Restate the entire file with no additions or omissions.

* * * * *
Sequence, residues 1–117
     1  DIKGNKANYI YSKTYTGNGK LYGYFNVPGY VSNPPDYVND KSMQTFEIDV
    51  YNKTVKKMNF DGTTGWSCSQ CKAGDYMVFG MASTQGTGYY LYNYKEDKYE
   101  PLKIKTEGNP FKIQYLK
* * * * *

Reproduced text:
Sequence, residues 1–117
     1  DIKGNKANYI YSKTYTGNGK LYGYFNVPGY VSNPPDYVND KSMQTFEIDV
    51  YNKTVKKMNF DGTTGWSCSQ CKAGDYMVFG MASTQGTGYY LYNYKEDKYE
   101  PLKIKTEGNP FKIQYLK